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Dana Schultes

It’s opening day at Stage West Theatre in Fort Worth and executive producer Dana Schultes is cool as can be. An industry vet of more than 20 years, she’s opened many shows over the course of her career—both behind and in front of the curtain.
 
“I considered other careers,” she says. “I thought about being a lawyer or a therapist or a nurse, but as an actor I get to live in the skin of different people from different walks of life, and that’s pretty cool.”
 
An Arlington native, the single mom of 9-year-old Matilda was bit by the acting bug early on. After graduating with a bachelor’s degree in theatre arts from Texas Wesleyan University, she traveled the world before settling close to home in Fort Worth.
 
She built a name for herself in the local theater scene then joined Stage West in 2004. In the years since, she’s done it all—swept the floors, served as stage manager and climbed the ranks to executive producer.
 
On top of her duties, she wears many hats—from director and sound designer to actor. She’s starred in a number of productions including A Midsummer Night’s Dream and A Streetcar Named Desire, but her favorite role is mom.
 
“It was an unplanned pregnancy that made both her father and I extremely happy,” Schultes says. “I loved being pregnant so much. Even today, at 40, if the right circumstances were in place, I would have another one.”
 
Where does your love of the theater come from? My mother’s side of the family was part of a traveling theater troupe. But my parents took me to the theater too.
 
What attracted you to stage west theatre? I first discovered Stage West when I was in college, and it’s been my home-base theater since.
 
Are you happiest on stage or behind the scenes? It depends on the project. I like to be on stage because it’s the only way to exercise that craft. It’s a real pleasure to work with other actors and the whole production team.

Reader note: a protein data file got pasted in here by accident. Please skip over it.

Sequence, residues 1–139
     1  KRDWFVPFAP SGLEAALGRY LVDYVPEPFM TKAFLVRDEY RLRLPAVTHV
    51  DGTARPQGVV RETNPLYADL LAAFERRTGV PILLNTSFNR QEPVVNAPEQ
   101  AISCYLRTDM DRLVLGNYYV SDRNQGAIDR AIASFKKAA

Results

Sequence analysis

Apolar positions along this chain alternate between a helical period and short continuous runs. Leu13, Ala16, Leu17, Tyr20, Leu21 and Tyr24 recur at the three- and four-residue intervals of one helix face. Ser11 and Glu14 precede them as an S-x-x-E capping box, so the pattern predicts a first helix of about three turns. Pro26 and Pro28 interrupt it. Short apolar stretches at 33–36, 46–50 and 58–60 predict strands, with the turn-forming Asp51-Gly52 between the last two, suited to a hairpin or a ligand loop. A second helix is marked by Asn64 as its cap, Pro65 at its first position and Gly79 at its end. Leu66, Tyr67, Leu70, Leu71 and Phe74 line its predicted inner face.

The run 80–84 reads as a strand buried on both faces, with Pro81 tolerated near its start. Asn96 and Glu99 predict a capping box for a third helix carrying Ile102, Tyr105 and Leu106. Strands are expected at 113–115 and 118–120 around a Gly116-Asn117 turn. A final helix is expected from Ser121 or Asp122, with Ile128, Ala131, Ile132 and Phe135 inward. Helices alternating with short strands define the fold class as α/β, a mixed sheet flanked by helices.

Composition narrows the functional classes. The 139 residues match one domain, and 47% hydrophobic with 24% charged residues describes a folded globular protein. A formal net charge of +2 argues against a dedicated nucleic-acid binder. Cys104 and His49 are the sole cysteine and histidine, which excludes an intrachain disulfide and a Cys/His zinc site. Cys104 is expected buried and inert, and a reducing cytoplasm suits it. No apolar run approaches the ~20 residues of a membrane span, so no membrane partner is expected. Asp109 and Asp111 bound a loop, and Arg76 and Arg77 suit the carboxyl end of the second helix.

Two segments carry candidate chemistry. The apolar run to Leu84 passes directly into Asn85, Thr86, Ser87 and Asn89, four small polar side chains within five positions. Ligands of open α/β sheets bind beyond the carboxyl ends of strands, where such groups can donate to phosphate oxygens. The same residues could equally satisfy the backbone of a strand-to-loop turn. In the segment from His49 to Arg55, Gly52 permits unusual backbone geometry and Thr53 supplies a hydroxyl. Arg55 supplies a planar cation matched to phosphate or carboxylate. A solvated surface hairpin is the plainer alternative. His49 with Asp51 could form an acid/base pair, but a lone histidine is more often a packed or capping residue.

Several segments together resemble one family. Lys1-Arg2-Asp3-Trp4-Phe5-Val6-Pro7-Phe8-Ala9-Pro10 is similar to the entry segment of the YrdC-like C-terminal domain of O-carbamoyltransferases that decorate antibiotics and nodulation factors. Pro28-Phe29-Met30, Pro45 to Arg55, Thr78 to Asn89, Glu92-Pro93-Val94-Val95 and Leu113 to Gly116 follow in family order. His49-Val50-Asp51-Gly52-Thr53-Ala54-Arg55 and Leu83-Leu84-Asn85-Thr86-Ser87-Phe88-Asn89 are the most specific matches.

Is there a role you’ve played that stands out from the rest? There are many different roles that have been special for different reasons. For the great majority I try to just enjoy and be in the moment. And I love ones that Matilda can come see.
 
Does Matilda share your passion for the stage? It is a big part of Matilda’s life. She was at the theater with me from the time she was 2 weeks old. She does enjoy acting, but I don’t think it’s going to be something she’s going to want to do as a career. Of course, who knows?
 
Does having Matilda influence the roles you’re attracted to? She wants to see everything. I had to reflect on what I’m willing to compromise as far as innocence is concerned so she can be a part of this conversation. The compromise I made was with language.
 
You published a cookbook. How did that come about? In 2007, when we opened Stage West at its new location, we reinstated food service. For whatever reason, my very stubborn self decided to make every pot of soup. I stuck with it. For six years, I would pick a new soup and create my own version of the recipe. And then about that time I was ready to be done with it. It was a lot of cooking. I thought a book would be a great donor gift and Soups! was published in 2013.
 
Is Matilda’s father in the picture? Yes, her father is a theater teacher actually. And he’s a great dad. We support each other. We’re not together, but he is a big part of her life.
 
How do you balance your crazy work hours with caring for Matilda? I try my best to be married to the calendar, and if something is going to fall through the cracks, I make sure the one thing isn’t anything that she needs. It’s a juggling act, but my job is part of my life and it’s something that I love doing. And I get to let my daughter be a part of it. In fact, the reason we have theater classes is because I have Matilda.
 
If you could go back and offer yourself a piece of advice as a new mom, what would it be? Everyone tells you that it’s going to go by real fast, which almost becomes cliché. So I guess it’s kind of silly, but I would probably tell myself the same thing. That’s probably the hardest part of the whole process, is that it does go so dang quickly. At the same time, we the parents are rapidly aging as well. If there was ever a measurement of how quickly life goes, it’s having children and watching the aging process.
 
How did it feel to turn 40? I feel like I will go through life perpetually feeling like I’m 30—no matter what the outside looks like.
 
What’s your favorite thing about being a mom? Holding her hand, saying I love you and making her smile.
 
Favorite way to spend a mommy-and-daughter day? I love to take her on the Trinity Trails, to the art museums and to see theater. Fort Worth is such an interesting city. It seems to be really down to earth, but I’d love to see it invest a little bit more in the arts. I’m a person who loves to walk around neighborhoods and see random art.
 
Where do you like to hang out when you’re not at work? When I go out with other adults it’s after a play. I love Republic Street Bar and Shipping and Receiving. If I do have a lunch date, I’m heading to the Near Southside neighborhood.
 
What do you do for yourself? I plan trips.
 
Where are you headed next? We’re about to go on a cruise, and we’re probably going to Colorado in the spring.